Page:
I agree with my colleagues, if you are in a California state court. It's not entirely clear from your inquiry whether you are in state court, rather than a federal district court in the Bay Area (i.e., the United States District Court for the Northern District of California). If you are in federal court, you get only 3 extra days - not 5 as in state court - if you are served by mail. Thus, in federal court, you would receive 30 days from the date of service, plus 3 extra days for mail service. If the 33rd day falls on a Saturday, Sunday or federal court holiday, your response deadline would be the next business day.
The response I have provided is not intended to create and does not create an ongoing duty to respond to questions. It also does not form an attorney-client relationship, and should not be relied upon as legal advice. It is based upon the limited facts provided by the posted question. To the extent additional or different facts exist, the response may change. I am licensed to practice law only in the State of California, although I am also admitted to practice in all of California's federal district courts and in the Ninth Circuit Court of Appeals. Responses are based solely on California law unless stated otherwise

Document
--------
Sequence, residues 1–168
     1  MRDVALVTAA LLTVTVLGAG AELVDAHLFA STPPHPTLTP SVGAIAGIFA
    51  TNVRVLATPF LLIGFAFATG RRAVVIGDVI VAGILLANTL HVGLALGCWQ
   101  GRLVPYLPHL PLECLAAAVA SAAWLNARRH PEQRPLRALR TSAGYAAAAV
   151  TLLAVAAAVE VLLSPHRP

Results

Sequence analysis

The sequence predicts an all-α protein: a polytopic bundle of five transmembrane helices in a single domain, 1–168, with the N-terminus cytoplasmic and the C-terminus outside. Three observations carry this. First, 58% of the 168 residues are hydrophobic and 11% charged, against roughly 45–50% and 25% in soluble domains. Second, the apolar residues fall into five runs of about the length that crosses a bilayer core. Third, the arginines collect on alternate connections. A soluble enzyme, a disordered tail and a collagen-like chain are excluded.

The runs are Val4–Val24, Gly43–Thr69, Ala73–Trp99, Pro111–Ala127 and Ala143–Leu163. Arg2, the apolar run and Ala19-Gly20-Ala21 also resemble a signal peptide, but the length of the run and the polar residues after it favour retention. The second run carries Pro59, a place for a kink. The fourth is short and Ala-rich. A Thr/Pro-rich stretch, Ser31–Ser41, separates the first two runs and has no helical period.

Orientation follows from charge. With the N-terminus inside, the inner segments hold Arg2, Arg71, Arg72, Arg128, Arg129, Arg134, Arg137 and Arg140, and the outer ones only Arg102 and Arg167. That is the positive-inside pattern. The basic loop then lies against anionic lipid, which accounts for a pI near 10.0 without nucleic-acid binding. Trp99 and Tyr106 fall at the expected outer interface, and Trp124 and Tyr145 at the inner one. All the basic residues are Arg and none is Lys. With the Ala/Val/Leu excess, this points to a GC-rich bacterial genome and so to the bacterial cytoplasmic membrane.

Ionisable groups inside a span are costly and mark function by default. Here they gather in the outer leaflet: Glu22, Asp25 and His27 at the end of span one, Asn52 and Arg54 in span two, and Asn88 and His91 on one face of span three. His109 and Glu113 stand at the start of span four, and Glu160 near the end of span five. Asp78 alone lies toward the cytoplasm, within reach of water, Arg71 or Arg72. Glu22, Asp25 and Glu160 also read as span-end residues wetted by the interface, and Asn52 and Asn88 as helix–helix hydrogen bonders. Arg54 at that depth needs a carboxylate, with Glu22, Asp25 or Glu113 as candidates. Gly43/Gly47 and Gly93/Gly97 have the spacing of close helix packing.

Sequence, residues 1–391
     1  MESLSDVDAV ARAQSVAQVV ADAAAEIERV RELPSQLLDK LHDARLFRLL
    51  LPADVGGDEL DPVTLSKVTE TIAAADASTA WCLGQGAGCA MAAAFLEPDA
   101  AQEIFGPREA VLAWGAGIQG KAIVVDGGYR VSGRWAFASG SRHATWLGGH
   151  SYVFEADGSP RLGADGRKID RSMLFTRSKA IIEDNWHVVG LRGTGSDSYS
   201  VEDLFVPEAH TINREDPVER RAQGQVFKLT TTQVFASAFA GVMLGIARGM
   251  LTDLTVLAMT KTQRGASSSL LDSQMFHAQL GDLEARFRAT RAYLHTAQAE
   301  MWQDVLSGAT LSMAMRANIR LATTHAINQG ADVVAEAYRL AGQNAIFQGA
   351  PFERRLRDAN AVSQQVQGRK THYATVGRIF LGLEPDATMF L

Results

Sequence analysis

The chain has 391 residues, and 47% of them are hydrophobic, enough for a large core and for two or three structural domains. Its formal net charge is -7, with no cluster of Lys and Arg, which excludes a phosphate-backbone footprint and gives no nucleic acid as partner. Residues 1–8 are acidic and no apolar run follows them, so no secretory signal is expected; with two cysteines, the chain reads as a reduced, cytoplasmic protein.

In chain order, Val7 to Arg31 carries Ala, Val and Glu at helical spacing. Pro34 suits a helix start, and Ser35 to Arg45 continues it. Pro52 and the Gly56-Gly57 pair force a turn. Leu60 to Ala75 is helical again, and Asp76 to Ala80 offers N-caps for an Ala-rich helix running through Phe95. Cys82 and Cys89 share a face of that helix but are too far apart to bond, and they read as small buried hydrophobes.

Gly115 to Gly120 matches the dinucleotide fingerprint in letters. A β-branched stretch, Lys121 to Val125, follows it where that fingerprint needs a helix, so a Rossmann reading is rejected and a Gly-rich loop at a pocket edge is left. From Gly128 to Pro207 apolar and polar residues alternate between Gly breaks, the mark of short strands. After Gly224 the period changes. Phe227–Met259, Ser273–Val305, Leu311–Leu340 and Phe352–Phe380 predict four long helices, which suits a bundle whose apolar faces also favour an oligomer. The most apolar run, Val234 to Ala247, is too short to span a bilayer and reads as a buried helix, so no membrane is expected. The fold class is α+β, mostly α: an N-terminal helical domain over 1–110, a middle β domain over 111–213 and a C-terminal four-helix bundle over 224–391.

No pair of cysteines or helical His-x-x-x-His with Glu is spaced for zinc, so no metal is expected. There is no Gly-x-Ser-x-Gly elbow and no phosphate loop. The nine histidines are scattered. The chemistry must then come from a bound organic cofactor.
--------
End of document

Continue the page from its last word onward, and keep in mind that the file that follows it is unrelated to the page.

You have 30 days from date of service plus the number of days depending on method of service. See proof of service at the end of the interrogatories. If it is check marked mail, then add 5 days. if personal service is check marked, then you have the 30 days with no additional time, and if it was overnighted, you have 32 days. But, like some of my esteemed colleagues have mentioned, serve your responses early to avoid confusion. If you need additional time, prior to the elapsed time for responding, the other side is obligated to give you two additional weeks should you ask.